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French restaurateur in police custody after illegal opening

The Nice restaurant owner said that he would ‘take the risks’ of reopening, and said the industry is ‘in agony’, as owners call for more ‘civil disobedience’ gatherings 

[UPDATE January 29: The restaurateur has now been released from police custody after 24 hours of detention in connection with allegedly employing an illegal worker.]

A restaurant owner in France is in police custody after opening his restaurant to around 100 customers as an “act of resistance”, despite continued Covid-19 closures.

Christophe Wilson, owner of Le Poppies restaurant in central Nice, served around 100 meals to paying guests at lunchtime on Wednesday January 7, despite restaurants being banned from opening due to Covid-19 rules.

Customers sat on tables, relatively close together and most not wearing masks, on the restaurant’s covered terrace. The gathering was stopped shortly after by police.

The prefecture of the Alpes-Maritimes region said last night: “The restaurateur who opened his establishment at lunchtime in Nice is in police custody this evening.”

His chef, a foreigner found to be working in an “irregular situation”, has also been placed in custody, while a waitress was fined €135.

Mr Wilson described the opening as an “act of resistance”, and served dishes with calls of "freedom!".

He said: “We are all in agony, there are thousands of jobs affected, there is an entire line of people behind restaurateurs...Someone has to give everyone else a push, and if it has to be me who takes the risks, then I’ll take them.”

The waitress, named Morgane, who was fined, told news source BFMTV: “It’s taking a risk, but for one day, I got my job back, and I feel good, my terrace is full.”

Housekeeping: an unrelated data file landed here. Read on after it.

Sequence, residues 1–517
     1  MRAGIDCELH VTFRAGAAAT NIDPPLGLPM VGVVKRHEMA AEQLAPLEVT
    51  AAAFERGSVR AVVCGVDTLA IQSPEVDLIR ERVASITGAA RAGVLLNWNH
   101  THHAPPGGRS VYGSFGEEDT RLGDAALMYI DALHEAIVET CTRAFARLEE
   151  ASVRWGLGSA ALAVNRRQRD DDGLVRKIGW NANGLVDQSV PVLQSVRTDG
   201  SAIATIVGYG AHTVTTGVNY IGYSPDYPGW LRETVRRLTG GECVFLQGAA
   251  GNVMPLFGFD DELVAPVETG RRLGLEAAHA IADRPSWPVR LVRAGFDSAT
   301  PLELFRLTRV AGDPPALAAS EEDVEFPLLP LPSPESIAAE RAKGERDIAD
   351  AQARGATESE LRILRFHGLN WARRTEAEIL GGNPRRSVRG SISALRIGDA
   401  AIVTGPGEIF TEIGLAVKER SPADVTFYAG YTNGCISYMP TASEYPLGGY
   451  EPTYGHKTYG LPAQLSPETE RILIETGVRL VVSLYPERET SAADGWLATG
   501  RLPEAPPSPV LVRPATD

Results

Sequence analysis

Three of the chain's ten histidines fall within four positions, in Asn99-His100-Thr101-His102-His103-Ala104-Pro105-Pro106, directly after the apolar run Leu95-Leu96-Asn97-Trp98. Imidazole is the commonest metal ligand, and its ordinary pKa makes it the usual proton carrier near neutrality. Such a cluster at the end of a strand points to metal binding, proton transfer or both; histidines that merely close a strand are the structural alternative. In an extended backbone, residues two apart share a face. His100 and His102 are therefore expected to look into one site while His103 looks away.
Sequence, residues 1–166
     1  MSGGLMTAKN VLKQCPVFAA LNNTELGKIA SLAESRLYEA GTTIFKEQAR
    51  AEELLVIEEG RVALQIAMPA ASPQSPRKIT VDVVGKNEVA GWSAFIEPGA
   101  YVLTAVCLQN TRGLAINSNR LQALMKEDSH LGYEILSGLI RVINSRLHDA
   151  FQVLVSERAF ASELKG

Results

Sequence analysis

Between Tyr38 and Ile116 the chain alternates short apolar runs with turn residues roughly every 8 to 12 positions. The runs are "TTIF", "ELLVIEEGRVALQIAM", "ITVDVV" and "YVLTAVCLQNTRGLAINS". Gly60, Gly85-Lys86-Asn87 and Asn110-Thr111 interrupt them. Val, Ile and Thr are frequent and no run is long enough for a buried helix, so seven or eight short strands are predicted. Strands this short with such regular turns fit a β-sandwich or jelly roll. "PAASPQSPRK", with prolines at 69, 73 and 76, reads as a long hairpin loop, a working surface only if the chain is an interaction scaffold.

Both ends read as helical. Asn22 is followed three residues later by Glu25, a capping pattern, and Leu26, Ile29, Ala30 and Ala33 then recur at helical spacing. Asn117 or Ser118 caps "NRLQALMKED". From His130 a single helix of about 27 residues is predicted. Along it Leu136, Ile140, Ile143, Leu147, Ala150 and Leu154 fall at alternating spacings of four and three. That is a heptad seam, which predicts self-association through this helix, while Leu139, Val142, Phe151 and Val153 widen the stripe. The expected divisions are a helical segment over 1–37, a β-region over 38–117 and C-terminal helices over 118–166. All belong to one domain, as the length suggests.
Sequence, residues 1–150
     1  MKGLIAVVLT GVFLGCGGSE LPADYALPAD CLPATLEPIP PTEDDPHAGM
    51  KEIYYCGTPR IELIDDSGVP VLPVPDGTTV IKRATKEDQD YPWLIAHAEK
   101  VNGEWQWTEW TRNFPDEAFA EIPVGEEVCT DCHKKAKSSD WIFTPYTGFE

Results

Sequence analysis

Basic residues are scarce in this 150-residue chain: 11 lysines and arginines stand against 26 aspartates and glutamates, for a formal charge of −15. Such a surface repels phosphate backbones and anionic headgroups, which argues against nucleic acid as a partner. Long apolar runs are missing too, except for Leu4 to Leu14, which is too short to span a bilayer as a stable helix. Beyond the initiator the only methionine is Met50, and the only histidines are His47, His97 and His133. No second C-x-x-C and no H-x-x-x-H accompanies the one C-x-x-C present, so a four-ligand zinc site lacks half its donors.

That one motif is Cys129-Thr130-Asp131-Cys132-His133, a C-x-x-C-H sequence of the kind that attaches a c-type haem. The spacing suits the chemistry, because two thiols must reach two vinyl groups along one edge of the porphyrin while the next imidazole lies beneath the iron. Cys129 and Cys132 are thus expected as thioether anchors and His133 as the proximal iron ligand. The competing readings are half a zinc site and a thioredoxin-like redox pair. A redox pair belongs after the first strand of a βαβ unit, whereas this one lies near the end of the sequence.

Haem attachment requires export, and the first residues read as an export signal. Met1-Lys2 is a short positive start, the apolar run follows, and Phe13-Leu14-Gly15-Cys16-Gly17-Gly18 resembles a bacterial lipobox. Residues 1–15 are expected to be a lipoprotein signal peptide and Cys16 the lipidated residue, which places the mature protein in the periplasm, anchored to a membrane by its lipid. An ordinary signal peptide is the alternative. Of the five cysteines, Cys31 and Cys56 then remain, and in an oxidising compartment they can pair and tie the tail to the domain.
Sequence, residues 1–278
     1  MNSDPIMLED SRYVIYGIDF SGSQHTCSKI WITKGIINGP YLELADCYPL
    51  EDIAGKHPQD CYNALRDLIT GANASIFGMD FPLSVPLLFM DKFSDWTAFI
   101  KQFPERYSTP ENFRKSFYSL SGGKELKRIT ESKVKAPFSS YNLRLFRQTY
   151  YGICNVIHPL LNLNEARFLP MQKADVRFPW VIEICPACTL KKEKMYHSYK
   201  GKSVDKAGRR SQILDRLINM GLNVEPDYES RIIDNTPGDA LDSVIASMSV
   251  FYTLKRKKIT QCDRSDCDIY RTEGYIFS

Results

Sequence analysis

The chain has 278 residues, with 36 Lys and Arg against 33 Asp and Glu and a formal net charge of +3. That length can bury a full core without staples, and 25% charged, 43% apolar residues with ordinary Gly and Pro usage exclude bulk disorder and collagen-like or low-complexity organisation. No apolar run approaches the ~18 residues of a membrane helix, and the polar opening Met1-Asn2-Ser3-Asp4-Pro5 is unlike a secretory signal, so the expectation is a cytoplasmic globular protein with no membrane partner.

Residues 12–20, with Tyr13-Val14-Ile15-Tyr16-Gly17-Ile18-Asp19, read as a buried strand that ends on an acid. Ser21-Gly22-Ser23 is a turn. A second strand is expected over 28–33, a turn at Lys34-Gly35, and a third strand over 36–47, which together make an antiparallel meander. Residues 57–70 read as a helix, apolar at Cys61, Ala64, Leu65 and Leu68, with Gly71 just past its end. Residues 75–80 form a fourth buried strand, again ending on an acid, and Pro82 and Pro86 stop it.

The prefecture said: “The identified people [customers] who took part in this banned gathering were, or will be, all fined.”

Local news source France Bleu Azur said that Nice authorities had confirmed that the restaurateur remained in custody in connection with the “employment of a person without [adequate] papers”.

One person eating at the restaurant told BFMTV: “We need to get together socially, for morale.”

Another said: “We want to support restaurateurs, so we are here in person.”

One customer, who was wearing a mask, said: “It’s a change, you know, compared to normal.”

Before the opening, Le Poppies had been closed since October 30, under the Covid-19 restrictions imposed by the government.


‘Civil disobedience’ calls

The opening comes as a Facebook group with 3,000 members has called for restaurants in France to open on February 1, as an act of “civil disobedience” towards the government.

Valerie, the owner of the restaurant Chez Val in Paris, has said that she is planning to open on February 1. She said: “[We are doing it] so that people don’t forget about us, and trying to bring a bit of soul back into this restaurant, which has been closed for far too long.”

State of health emergency extended

It comes as the Senate approved the extension of the state of health emergency until May 3. This is one month less than had been proposed. Overall the extension was passed by 235 votes in favour, 39 votes against, and 70 abstentions.

The bill further extends the government’s ability to close shops and restaurants due to Covid-19.

Related stories

Covid France: Rising cases ‘sign of third wave’ in Nice

Restaurants, bars, cafés to remain closed until mid-February

Normality in France is at least six months away

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